Tom Turpin
Professor of
Purdue University


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Flies in the face of fashion

What's Buggin You Now?





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Ticks, Mites and Chiggers--Oh My!

What would the good ol' summertime be without ticks and chiggers? More pleasant, that's what! Yes, ticks and chiggers are one of the associations of summer that most of us could do without.

Ticks and mites belong to the group of animals known as arthropods. These animals all have exoskeletons and jointed legs. The name arthropod literally means jointed foot. Insects are arthropods. So are millipedes, centipedes, crayfish, lobsters and pillbugs.

Along with spiders and scorpions, ticks and mites are classified as arachnids. Arachnids do not have antennae or mandibles, as do the other groups of arthropods. Most of the arachnids are predators, feeding on other arthropods, such as insects.

However, ticks and mites are different. Some are exclusively plant feeders. Spider mites, for example, are major plant pests. Others are parasites on vertebrates, such as dogs, cats, deer and even humans. That is where the rub comes in. Most humans prefer to not be a food item for another animal.

How does this work? Ticks and mites have four stages to their lifecycle. First is the egg. It hatches into the first of three mobile stages. This is the larval stage, which has six legs, just like insects. The larva molts into a nymph. The nymph has eight legs. The eight-legged nymph turns into the adult, which also has eight legs.

All ticks are called obligate temporary ectoparasites. This means that they have to feed on a host, but do so for a short period of time and then drop off. Some ticks need only a single host. Others might need two or more hosts to complete their lifecycle.

The deer tick has become well known because it is the vector of Lyme disease, which is the most important vector-borne disease in the United States. This tick first feeds on rodents of which the white-footed mouse is a common host. As an adult, the main host is the white-tailed deer, hence the name deer tick. 

Another well-known tick is called the dog tick. This is the tick that most humans encounter. As with the deer tick, the hosts for immature dog ticks are rodents. The adults parasitize wild and domestic carnivores--our dogs. This species is the vector of the disease known as Rocky Mountain spotted fever. 

So how do ticks find their hosts? Mostly, when they are ready to take a blood meal, they crawl up on the top of plants and wait for a host to brush against the plant. Once on the host, the tick searches for a grooming-free site to start feeding. That is why most attached ticks on dogs are found in the ears or between the shoulder blades. These are sites that the dog cannot reach to remove the offending blood-sucking parasites!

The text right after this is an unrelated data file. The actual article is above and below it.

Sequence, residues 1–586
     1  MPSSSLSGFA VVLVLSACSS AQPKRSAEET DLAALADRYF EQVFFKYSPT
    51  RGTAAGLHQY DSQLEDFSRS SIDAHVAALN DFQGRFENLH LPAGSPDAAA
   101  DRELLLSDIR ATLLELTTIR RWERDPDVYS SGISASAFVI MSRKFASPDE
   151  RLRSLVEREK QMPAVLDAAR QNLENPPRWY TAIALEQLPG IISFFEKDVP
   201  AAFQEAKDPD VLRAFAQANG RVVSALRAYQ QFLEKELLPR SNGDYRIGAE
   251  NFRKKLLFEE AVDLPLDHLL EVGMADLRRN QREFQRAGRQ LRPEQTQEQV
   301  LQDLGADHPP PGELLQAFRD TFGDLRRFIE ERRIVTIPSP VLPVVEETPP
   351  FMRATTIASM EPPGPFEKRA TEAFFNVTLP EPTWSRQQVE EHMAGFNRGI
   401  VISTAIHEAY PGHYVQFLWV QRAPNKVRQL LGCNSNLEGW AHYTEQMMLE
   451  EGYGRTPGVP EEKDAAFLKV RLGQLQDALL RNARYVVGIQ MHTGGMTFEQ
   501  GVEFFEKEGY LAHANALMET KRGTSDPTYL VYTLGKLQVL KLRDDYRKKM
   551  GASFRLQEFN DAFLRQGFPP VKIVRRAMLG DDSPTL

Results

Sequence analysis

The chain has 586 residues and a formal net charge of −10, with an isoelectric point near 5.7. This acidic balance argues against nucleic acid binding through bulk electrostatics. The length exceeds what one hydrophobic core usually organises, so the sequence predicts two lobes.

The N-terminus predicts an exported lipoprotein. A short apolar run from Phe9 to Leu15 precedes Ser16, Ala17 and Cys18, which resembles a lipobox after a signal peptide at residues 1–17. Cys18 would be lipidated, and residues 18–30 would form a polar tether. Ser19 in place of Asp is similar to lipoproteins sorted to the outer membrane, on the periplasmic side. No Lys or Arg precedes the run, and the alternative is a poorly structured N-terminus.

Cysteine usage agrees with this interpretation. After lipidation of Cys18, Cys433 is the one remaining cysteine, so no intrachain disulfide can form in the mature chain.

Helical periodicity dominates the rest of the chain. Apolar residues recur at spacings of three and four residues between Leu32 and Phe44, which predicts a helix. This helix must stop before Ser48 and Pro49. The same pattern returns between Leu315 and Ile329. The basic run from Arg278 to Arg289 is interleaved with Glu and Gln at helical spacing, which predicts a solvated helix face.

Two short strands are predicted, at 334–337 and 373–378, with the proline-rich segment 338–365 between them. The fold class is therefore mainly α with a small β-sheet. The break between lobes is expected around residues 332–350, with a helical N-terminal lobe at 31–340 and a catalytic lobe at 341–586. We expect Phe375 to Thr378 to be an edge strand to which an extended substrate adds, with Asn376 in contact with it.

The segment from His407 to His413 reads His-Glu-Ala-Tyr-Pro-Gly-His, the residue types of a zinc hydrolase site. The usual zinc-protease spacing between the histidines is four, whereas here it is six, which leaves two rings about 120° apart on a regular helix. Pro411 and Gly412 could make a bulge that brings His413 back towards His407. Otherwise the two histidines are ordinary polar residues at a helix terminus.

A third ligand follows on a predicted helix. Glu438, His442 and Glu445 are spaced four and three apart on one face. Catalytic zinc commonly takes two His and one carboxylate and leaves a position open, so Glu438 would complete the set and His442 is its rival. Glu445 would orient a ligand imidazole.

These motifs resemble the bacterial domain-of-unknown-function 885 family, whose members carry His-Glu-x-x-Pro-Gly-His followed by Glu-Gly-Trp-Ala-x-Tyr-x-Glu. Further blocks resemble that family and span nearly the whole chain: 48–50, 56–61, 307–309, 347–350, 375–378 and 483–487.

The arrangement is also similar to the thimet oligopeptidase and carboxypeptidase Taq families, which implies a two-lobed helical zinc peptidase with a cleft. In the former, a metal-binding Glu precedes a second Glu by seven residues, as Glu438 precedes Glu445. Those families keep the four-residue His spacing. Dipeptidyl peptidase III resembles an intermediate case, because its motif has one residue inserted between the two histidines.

Multiple host ticks, like the dog and deer ticks, generally remain on the host for two to six days. That is enough time to acquire enough blood to suit their needs. 

Mites are much more numerous than ticks. There are around 800 species of ticks, but some 29,000 species of mites. But mites also live as parasites on warm-blooded animals, including humans. 

One such pest mite is the chigger. These are larvae of trombiculid mites and are also known as harvest bugs and scrub itch mites. They are difficult to see since they are only about 0.25mm long, but when they get on you, they produce a powerful itch. The normal hosts are rodents and birds. 

The chigger lifecycle is much like the lifecycle of ticks. The newly hatched larvae cluster on the tips of grasses waiting for animal hosts to brush against the plant. When on the host, they then cluster inside the ears of rodents and around the eyes of birds. On humans, the chiggers are normally found where clothing is tight. Feeding takes several days, after which the larvae drop off to continue their lifecycle.

How do you prevent becoming a meal for ticks or chiggers? Try to avoid the type of habitat where these arachnids are waiting to pounce on the next meal that walks by. Keep trousers tucked into socks, and use an insect repellent. And, oh, yes, make sure that you do a personal tick check when you get home. You can't be too sure that you haven't brought someone home for dinner!



Writer: Tom Turpin
Editor: Olivia Maddox